Voucher suspension allows state to move forward

Voucher suspension allows state to move forward

Kevin Griffin

The state’s new voucher system for education has been halted now that a Superior Court judge has ruled to suspend the program.

The voucher program was set to hold a lottery next month to award 2,400 students, mostly low-income students, up to $4,200 each for the next school year, according to WRAL.

On the surface it may seem to be an outrageous decision. Who would want to do away with a program that would offer educational opportunities to children? After all, nearly 5,000 people have applied, according to the News & Observer.

But, as is the case with many previous voucher programs, the one passed last year poses a number of both constitutional and educational problems.

A major issue with the program was whether or not the state constitution allows for public funding to private schools, which states that funds “shall be faithfully appropriated and used exclusively for establishing and maintaining a uniform system of free public schools.”

This provides little room for public funding of private education. On a moral and ethical level, it also stands to reason that tax money should go largely, if not exclusively, to supporting a public system for all.

Perhaps what is more troubling than the issue of education funding is the issue of religion.

Many parents are seeking to send their kids to religious schools with the public money from the program. The Greensboro Islamic Academy, the Victory Christian Center School in Charlotte and Al-Imam School in Raleigh received more than 300 applications collectively, the News & Observer reports.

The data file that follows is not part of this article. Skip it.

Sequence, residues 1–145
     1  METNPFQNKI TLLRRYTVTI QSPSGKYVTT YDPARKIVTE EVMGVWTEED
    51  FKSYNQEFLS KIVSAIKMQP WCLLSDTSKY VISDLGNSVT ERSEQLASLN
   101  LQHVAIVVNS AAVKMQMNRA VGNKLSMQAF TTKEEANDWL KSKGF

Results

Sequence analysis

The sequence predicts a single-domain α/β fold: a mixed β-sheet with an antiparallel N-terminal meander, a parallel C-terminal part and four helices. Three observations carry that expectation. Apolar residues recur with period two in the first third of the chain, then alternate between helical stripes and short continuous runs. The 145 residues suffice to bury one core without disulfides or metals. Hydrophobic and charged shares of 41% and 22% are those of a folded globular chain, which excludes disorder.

The U.S. Supreme Court ruled in the 2002 case Zelman v. Simmons-Harris that an Ohio voucher program was legal because it met certain standards, including serving a “valid secular purpose,” giving aid money to individuals, not schools, and ensuring a variety of school options. Under that standard, the voucher program may clear federal constitution hurdles.

Still, that does not make it right. Public money provided by taxpayers should not go to subsidizing private religious choices. Aside from constitutional problems, there is the issue of what educational benefits vouchers may offer.

A July 2006 report by the United States Department of Education found that when results were adjusted for individual characteristics, the differences were minimal between public and private schools in the subjects of reading and math. In some instances, the public schools even performed better than the private ones.

The voucher system is deeply flawed. Now that it has been suspended, we should find other ways of improving education.

Instead of pursuing this voucher program further, the state should instead find ways to provide quality education that does not involve public funds for religious institutions, or for a program that would likely do little to improve outcomes.

Kevin Griffin, a sophomore journalism major from Madison, is an opinion writer.